Matt Riley said he didn't know anything about his scheduled start tonight being in jeopardy. Doug Johns said he had been told Riley would take the mound. Manager Ray Miller said the decision wasn't final.
The rookie left-hander will pitch the second game of today's day-night doubleheader against New York, trying for a third time to gain his first major-league win.
"He's very probable," Miller said, without fully committing.
Riley, already being watched closely because he's piled up 182 innings this season, concerned Miller with a poor bullpen session in Boston earlier this week. Riley was "really fighting himself throwing the ball over the plate," Miller said. "Mechanically, he's kind of confused."
There was more confusion yesterday.
Told that Miller had said on Tuesday that his start tonight no longer was 100 percent certain, Riley responded: "As far as I know, I'm throwing. I'm preparing myself to start. That's what I'm looking at. That's news to me."
Johns, who had been mentioned by Miller as a possible replacement for Riley, indicated no change was forthcoming.
"They told me he was pitching," Johns said.
Miller wasn't showing his hand. Asked if he had decided on a starter, he said, "No, not really."
Riley admitted he threw poorly in Boston, but said he was tinkering with his delivery and had corrected the problem after Miller walked away.
"I was having a little trouble finding the plate," he said. "I tried to experiment with a little something different, but it wasn't going well so I went back to my other way of doing it and I was fine. I was showing a little better control. I had been trying to simplify my delivery a little but that wasn't working. I was fine at the end."
Continuing his campaign to remain in the rotation, Riley also said the extra rest he's gotten since being promoted from Double-A Bowie has livened his arm.
"It's been feeling all right lately," said Riley.
After the game was called and Miller met with general manager Frank Wren, the manager confirmed Riley would receive his third major-league start tonight against Orlando Hernandez, potentially in a pennant-clinching situation.
Johns' trial postponed
Johns' trial in Baltimore District Court on charges of marijuana possession and possession of paraphernalia was postponed yesterday until Nov. 4. It marked the second delay in the case stemming from Johns' arrest in downtown Baltimore following an April 5 traffic stop. Johns was charged after marijuana and a smoking device allegedly were found in his vehicle.
"I have been advised to have no comment," Johns said last night.
Johns' attorney, Scott D. Shellenberger, also offered no comment. Shellenberger is employed by the law firm owned by Orioles chairman Peter Angelos.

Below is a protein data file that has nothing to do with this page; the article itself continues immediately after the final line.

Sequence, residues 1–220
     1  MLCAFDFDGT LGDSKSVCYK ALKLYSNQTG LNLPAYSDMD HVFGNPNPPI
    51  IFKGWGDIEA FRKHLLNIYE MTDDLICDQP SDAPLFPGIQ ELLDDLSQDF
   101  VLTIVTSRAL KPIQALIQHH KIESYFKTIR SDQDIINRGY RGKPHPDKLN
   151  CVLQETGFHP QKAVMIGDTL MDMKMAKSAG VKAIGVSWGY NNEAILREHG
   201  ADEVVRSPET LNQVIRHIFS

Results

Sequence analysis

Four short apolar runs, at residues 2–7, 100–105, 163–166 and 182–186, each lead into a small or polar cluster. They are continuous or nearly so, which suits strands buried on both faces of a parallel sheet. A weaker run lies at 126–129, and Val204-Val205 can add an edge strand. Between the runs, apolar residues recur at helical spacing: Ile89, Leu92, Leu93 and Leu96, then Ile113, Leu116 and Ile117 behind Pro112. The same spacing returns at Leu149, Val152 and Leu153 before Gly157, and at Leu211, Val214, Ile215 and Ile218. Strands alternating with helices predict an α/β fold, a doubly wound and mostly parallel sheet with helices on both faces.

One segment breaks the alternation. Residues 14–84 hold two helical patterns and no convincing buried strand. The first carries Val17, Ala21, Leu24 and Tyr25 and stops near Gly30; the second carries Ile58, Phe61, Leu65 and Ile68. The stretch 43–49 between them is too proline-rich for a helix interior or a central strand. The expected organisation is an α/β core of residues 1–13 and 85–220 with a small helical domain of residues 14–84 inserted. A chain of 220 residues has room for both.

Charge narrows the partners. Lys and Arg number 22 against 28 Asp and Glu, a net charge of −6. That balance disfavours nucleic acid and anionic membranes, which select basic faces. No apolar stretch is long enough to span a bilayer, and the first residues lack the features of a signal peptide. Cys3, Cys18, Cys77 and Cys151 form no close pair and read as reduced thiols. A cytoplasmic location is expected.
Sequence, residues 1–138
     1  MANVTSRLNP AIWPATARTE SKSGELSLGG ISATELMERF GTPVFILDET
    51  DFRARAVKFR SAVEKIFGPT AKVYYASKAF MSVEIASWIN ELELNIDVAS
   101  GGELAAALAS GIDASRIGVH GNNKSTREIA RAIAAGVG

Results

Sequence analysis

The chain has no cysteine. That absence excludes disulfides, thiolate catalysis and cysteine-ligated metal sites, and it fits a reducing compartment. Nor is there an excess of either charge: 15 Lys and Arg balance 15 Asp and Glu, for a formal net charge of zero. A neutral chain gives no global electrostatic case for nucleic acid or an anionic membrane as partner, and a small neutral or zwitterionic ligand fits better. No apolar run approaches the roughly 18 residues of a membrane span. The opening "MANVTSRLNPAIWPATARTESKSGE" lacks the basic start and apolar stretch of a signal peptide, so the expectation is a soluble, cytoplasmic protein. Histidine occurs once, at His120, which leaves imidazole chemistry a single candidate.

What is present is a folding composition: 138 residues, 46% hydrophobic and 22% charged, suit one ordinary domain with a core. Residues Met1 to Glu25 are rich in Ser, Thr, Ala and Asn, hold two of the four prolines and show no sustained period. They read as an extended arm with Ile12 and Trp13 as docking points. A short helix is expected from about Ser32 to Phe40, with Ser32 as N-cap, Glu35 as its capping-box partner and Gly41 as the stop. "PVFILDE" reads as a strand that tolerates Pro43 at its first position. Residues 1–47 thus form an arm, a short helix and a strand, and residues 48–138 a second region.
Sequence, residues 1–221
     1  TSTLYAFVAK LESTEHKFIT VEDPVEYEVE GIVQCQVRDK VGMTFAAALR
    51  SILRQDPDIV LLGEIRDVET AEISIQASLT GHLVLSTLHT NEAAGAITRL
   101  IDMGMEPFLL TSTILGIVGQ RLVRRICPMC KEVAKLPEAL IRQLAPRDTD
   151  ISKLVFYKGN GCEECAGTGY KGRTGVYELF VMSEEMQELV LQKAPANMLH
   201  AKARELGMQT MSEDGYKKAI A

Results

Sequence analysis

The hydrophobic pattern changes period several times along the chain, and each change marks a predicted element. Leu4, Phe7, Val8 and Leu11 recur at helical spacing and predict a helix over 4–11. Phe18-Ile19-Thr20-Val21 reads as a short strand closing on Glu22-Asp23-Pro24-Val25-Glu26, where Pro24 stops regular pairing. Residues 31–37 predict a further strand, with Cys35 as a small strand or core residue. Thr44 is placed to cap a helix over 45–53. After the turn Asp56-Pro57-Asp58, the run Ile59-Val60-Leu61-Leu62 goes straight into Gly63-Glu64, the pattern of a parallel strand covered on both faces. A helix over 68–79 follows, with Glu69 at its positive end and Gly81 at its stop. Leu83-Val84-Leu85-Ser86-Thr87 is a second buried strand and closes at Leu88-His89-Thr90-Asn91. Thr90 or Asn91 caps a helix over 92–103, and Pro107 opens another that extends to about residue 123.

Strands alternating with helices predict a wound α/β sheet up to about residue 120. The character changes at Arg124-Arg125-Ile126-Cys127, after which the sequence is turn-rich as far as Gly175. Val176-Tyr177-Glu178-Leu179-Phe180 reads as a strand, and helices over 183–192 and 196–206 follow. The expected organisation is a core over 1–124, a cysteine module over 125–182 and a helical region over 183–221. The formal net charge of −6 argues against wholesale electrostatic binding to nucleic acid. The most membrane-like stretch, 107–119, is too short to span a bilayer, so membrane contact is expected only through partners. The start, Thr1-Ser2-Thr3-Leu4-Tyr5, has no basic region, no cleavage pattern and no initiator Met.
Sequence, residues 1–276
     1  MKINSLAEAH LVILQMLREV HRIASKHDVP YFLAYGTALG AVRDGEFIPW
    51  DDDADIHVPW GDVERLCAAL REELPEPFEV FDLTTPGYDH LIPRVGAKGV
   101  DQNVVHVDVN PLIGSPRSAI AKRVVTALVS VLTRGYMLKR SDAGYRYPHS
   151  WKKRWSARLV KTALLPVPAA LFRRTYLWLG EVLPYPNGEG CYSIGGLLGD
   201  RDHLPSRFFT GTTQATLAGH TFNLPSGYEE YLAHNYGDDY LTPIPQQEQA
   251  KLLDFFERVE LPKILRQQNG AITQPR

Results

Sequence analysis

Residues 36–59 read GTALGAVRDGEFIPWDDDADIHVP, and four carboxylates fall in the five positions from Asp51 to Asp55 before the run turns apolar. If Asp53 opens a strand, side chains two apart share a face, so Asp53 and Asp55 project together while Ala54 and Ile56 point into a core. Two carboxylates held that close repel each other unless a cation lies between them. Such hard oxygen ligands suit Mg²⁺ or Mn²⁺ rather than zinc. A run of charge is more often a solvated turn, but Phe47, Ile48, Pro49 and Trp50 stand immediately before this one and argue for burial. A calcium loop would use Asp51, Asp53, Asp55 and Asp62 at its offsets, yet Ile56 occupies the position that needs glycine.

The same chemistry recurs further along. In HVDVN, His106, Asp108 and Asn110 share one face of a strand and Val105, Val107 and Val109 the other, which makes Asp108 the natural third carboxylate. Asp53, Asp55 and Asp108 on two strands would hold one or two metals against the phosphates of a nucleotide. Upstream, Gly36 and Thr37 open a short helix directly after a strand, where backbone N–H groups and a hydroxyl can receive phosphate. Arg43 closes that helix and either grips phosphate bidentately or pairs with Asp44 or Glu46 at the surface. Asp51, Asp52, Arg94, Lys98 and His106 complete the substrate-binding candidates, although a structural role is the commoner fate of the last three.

The continuance was allowed by District Court Judge Charlotte M. Cooksey. A delay sought by prosecutors earlier this month had been denied.
Johns' availability had been in question because of a strained muscle on his right side, which occurred while he was pitching in relief of Doug Linton on Saturday. He received treatment, which included heat and ice, and threw in the bullpen yesterday.
"I feel great," he said.
Miller's bullpen gained another pitcher when Al Reyes became available after being shut down for the past three days because of some tightness in his arm. He pitched in the same game as Johns, hitting the only batter he faced, Boston's Nomar Garciaparra.
"He came to me [Tuesday] night and said, 'If you need me badly, I can pitch tonight.' And I said, 'We'll wait until tomorrow.' It's just stiffness, some arm tiredness."
Surhoff favorite for MVP
The local media are being asked to select a team Most Valuable Player, with left fielder B. J. Surhoff the overwhelming favorite. Miller, when asked who he'd choose, rattled off a list of names before seeming to lean toward Surhoff by a narrow margin over shortstop Mike Bordick.
"B.J., very honestly. Bordick, very honestly," Miller said. "It's kind of hard not to put Albert [Belle] in the group. I guess maybe Moose [Mike Mussina]. I guess day in, day out, a complete game, on an everyday basis, you've got to say Surhoff's been just outstanding. You've got to say the same thing about Bordy. He's got career numbers. He's got the best fielding everything in the league -- chances, assists, the least errors, all that stuff. [Jeff] Conine's been valuable as heck.
"I'm afraid I'm missing somebody."
"Brady, yeah. Eighty-one RBIs from the leadoff spot. Thirty-some stolen bases. He's scored 100-and-something," Miller said.
His choices for league MVP also were numerous, though he eventually narrowed them to two: Texas catcher Ivan Rodriguez and Cleveland second baseman Roberto Alomar. Miller also mentioned Rangers DH Rafael Palmeiro -- like Alomar, a former Oriole -- Seattle shortstop Alex Rodriguez and New York shortstop Derek Jeter.
"When I look down and see they've got 38 stolen bases against [Rodriguez] and 45 caught, not counting about 50 pickoffs, that's pretty dominant," Miller said.
Around the horn
Third baseman Cal Ripken was a no-show again yesterday. The Orioles have 105 stolen bases, their most since 1989, when they finished with 118. They're fifth in the league in stolen-base efficiency with a 70.9 percent success rate (105-for-148). On the flip side, opponents haven't stolen a base off the Orioles in the past 16 games, dating to Sept. 10, and have attempted only one.
Opponent: New York Yankees (day-night doubleheader)
Site: Camden Yards
Time: 1: 05 p.m., 7: 05 p.m.
TV/Radio: HTS/WBAL (1090 AM)
Starters: Game 1: Yankees' Roger Clemens (14-9, 4.51) vs. Orioles' Mike Mussina (17-7, 3.62). Game 2: Yankees' Orlando Hernandez (16-9, 4.12) vs. Orioles' Matt Riley (0-0, 7.36)
Tickets: Game 1: About 4,000 remain. Game 2: About 2,500 remain Pub Date: 9/30/99